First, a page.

My compressor is a Harbor Freight 21 gallon, 125 PSI. It is not oil free. For any paint spraying it’s advisable to use a larger tank compressor, because you keep the air pressure on much longer than for instance when using a nail gun, so you deplete the tank relatively fast. With a small compressor it ends up running all the time to keep up. My experience is that they then burn out.
This sucker is large, so it lives in my garage and I have a hose running from it to my studio. That way I don’t have to listen to it when it kicks in, because most compressors are loud (except the really expensive ones they sell for airbrushing). In the past I used a Porter-Cable 6 gallon pancake compressor, which held out for a really long time too.
I use 3 main brands of paint. All of them are acrylic, water based. They are Createx Auto Air and Wicked airbrush paints and Golden Liquids. I reduce them usually with a few drops of Createx airbrush reducer.
For work on objects I tend to use mostly the Createx products and the Golden Liquid I use more for fine art projects. However, the Golden color range spans the full artist color spectrum and the paint quality is high, so sometimes I also use them for airbrushing on objects.
For switching colors and quick airbrush cleaning I use Windex. You can dilute that if you want to make the bottle last longer. If I have a big hardened paint clog in the airbrush, I use acetone to get rid of it.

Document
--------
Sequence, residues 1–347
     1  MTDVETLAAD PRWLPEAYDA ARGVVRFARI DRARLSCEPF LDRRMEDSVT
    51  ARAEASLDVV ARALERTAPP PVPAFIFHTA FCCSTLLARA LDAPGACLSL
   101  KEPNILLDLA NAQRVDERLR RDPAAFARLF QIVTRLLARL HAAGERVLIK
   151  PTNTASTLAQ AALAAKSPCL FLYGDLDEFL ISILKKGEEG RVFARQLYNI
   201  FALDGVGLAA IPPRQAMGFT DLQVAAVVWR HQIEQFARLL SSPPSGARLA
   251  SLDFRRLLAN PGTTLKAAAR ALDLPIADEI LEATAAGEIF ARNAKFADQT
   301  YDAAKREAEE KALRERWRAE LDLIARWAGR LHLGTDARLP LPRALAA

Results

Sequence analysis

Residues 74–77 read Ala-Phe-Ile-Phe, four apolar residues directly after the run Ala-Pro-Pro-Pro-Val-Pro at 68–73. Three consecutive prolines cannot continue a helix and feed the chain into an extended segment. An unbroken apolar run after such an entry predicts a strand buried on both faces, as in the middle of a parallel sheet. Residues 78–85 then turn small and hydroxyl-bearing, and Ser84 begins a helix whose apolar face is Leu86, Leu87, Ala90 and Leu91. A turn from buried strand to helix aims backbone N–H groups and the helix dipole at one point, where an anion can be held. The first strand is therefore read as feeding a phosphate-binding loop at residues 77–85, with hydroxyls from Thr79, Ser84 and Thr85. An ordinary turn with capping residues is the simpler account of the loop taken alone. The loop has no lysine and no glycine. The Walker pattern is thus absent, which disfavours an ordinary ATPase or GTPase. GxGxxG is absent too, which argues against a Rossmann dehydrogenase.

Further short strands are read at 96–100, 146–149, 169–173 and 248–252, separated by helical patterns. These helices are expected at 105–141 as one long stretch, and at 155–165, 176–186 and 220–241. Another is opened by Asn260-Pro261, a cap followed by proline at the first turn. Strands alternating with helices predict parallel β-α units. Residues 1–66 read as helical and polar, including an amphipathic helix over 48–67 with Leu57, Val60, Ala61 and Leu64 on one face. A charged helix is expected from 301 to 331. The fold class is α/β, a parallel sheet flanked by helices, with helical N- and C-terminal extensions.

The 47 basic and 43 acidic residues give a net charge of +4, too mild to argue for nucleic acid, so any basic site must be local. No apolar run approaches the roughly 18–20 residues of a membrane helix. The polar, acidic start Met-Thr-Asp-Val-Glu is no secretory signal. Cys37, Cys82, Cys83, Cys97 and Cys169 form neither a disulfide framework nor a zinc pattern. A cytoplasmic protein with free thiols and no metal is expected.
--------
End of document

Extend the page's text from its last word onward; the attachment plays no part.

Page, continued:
I learned to airbrush with House of Kolor automotive paint. A great paint to spray, but I couldn’t stand working with solvents. I also found that for organic and earth colors, they don’t have the color range (say if you wanted to paint an animal or a landscape). It’s designed for automotive use, not really for fine art, so if you’re looking for different umbers, ochre and a Van Dyke brown it’s not your paint.
The other airbrush equipment I use
Every airbrush artist works differently. Some freehand everything, others meticulously create overlapping stencils. If you want to see different ways to do things, I recommend reading Airbrush Action magazine and Youtube.
I tend to work with the airbrush the way I paint. I’m not a huge fan of stencil work, prefer freehand painting and like to detail out with traditional small brushes. I use masks to create hard line when I need them and even with those I basically only use the ones you see in this picture. I don’t buy them, but cut those out using a Silhouette cutter you can purchase at Michaels.
The masking tape you see is a low tack 3M 2080 masking tape from Home Depot. I also sometimes use yellow automotive masking tape, but this is what I use to mask over a painted area, to avoid ripping the paint off. Sometimes I spray a matte Krylon layer as an intra coat clear over the painted area, before applying masking tape.
I’ve trained myself to use a respirator all the time. You get used to it and after a while forget you’re wearing it. You don’t want paint or Windex to enter your lungs.
The last thing is the Ikea Lazy Susan you see under it. For $10 the SNUDDA makes your life so much easier, so you can paint any smaller object from all sides without having to move it.
As you can see from this picture of my studio, there’s a lot more crap in here that I haven’t discussed, but if you distill it down to the core. The stuff above is what I really use all the time.